I have been practicing law for approximately 25 years and concentrating my practice in the area of negotiating and drafting contracts for the purchase or sale of High Technology for the last 13 years. I recently came across Mark Grossman’s guest blog posting in IP In Brief entitled, “A How-To Guide for Negotiating Tech Deals”. This is a must read. If you are considering making any high-tech purchase, I highly recommend that you take the time to read this article in order to gain an insight and perspective that is little discussed but impacts your deal greatly. As a practitioner in this area, I found myself one early Saturday morning sitting in my office reading Grossman’s article and shouting “Yes, Yes, Yes”. I was fist-pumping and if anyone was near to me they would have gotten a high-five. His approach is straight-forward and no nonsense.
Andrew Berger’s introduction sets the stage and reveals to the reader for the first time the concepts of “unwritten industry norms” and “choreographing your concessions around areas where you’re not likely to win the battle anyway”. Grossman starts his analysis by pointing out the obvious (i.e. the first drafts of the agreements are poorly written). I think this was my first “Yes” that I heard myself say out loud while reading in my office all alone. I can’t tell you how many times I’ve received new templates or first drafts of proposed new agreements which were simply a mishmash of cuts and pastes from older useless documents. My second “Yes” and my first fist-pump was Grossman’s admission that the sales teams are in charge of the deal. I freely admit, and in the spirit of full disclosure I happily accept that the sales team is the entity that brings the deal to me. Without them I would be out of work. However, Grossman points out, without actually stating it, that the sales team views the attorney as an obstacle that must be overcome. Perhaps it was the way he explained the process of requesting a revision to some contract language to more accurately describe the issue and then commented,
“All the while, I can feel the sales team seething at me because of my absurd requirement that the contract accurately state the deal”.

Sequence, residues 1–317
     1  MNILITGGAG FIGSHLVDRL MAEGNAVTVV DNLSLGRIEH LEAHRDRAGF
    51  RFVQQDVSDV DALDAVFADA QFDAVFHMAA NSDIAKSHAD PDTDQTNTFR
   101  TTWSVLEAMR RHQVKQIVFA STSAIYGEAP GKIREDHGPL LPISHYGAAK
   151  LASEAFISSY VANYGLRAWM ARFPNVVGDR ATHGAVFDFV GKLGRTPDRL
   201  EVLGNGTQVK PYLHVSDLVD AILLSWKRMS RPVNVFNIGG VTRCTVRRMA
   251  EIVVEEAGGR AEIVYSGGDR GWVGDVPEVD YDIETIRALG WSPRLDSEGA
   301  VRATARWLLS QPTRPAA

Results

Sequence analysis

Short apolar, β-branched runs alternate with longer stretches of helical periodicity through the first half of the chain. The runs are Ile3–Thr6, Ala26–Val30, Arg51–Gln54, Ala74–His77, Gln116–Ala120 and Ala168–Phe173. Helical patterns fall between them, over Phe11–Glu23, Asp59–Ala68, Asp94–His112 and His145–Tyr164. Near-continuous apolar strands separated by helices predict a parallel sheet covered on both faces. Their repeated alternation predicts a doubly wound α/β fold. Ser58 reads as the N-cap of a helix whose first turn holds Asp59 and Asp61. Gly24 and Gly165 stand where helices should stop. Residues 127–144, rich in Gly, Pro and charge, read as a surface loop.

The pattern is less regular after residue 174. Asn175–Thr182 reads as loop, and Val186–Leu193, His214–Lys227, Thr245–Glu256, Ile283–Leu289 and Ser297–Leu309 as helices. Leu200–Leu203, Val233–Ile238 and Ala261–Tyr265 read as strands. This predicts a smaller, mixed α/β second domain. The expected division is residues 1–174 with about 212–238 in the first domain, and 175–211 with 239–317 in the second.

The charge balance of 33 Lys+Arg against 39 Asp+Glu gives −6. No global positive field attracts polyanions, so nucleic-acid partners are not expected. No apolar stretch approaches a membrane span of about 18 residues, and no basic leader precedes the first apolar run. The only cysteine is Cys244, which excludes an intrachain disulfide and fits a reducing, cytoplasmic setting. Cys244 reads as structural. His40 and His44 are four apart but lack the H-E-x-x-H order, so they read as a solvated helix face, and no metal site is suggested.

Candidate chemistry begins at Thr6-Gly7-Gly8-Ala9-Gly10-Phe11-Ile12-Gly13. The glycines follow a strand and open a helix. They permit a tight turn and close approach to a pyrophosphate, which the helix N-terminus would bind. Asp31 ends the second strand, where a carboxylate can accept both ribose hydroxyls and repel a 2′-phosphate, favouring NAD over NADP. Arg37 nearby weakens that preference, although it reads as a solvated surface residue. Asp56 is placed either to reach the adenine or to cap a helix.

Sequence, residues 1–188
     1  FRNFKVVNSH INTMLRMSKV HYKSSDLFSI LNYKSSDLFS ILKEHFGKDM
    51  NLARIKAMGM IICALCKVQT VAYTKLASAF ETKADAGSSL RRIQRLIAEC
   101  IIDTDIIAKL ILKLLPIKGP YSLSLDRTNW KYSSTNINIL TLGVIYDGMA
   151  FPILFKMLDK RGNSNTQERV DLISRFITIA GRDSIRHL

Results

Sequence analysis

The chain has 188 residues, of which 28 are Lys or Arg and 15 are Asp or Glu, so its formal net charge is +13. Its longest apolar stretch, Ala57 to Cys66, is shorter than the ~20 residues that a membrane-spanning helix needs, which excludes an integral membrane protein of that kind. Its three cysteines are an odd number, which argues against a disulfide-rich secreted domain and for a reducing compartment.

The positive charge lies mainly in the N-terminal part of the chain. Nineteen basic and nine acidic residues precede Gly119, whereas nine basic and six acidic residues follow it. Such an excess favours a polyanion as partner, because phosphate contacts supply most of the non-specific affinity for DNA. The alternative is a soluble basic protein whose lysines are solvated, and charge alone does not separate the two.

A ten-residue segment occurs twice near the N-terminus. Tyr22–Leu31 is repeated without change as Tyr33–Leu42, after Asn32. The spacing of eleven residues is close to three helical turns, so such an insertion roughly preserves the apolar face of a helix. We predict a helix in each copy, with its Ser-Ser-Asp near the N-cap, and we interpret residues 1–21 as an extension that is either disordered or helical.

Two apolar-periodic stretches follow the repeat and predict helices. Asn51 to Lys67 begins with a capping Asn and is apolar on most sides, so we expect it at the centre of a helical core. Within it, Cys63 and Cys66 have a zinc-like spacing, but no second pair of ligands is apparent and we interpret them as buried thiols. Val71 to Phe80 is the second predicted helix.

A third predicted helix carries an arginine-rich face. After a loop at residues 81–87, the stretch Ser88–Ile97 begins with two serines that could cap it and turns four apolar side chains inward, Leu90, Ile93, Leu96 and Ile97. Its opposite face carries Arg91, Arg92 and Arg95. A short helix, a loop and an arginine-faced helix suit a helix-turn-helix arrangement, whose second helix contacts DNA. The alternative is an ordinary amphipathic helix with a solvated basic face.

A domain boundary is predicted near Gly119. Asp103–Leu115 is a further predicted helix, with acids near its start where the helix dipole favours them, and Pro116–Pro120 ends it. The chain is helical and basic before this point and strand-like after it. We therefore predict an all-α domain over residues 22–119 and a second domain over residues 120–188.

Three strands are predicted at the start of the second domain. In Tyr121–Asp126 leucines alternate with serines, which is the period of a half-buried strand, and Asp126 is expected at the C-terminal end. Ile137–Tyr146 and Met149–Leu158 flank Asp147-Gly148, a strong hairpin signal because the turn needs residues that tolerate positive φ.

That comment garnered fist pump number two and a loud chuckle. I would have enjoyed it if Grossman had discussed the mirror image on the buy side. I have represented both Buyers and Sellers. By the time the deal comes to me from the buy side (i.e. the Project Team), there is what is commonly called a “love affair” with the functionality of the proposed software package. In essence the Project Team “has been sold” and they know that they cannot live without having this software in their repertoire. As an attorney, I get that same glare from the Buyers when revisions for clarity are requested.
Grossman has a very salient section on the “Norms in the Industry”. To put it simply, why waste your time arguing points that will not be changed. These “Norms” need to be understood simply due to their peculiarity. He has an excellent section explaining Warranties in the industry and how they differ from what would be expected. Limitations on Liability is another section worth reading because it goes against what a Buyer expects and readily requires from its vendors. I must confess it was good for me to read these sections simply because I have been so inculcated with these industry “Norms” that I needed a refresher on why outsiders would consider these absurd.
He concludes his article by stressing the practical side of mutuality. A software vendor can and usually does readily accept revisions to sections to make the obligations mutual. One must remember that the parties are usually starting from paper that was first drafted by the vendor and so the natural urge to make the language one-sided must be addressed and overcome where possible.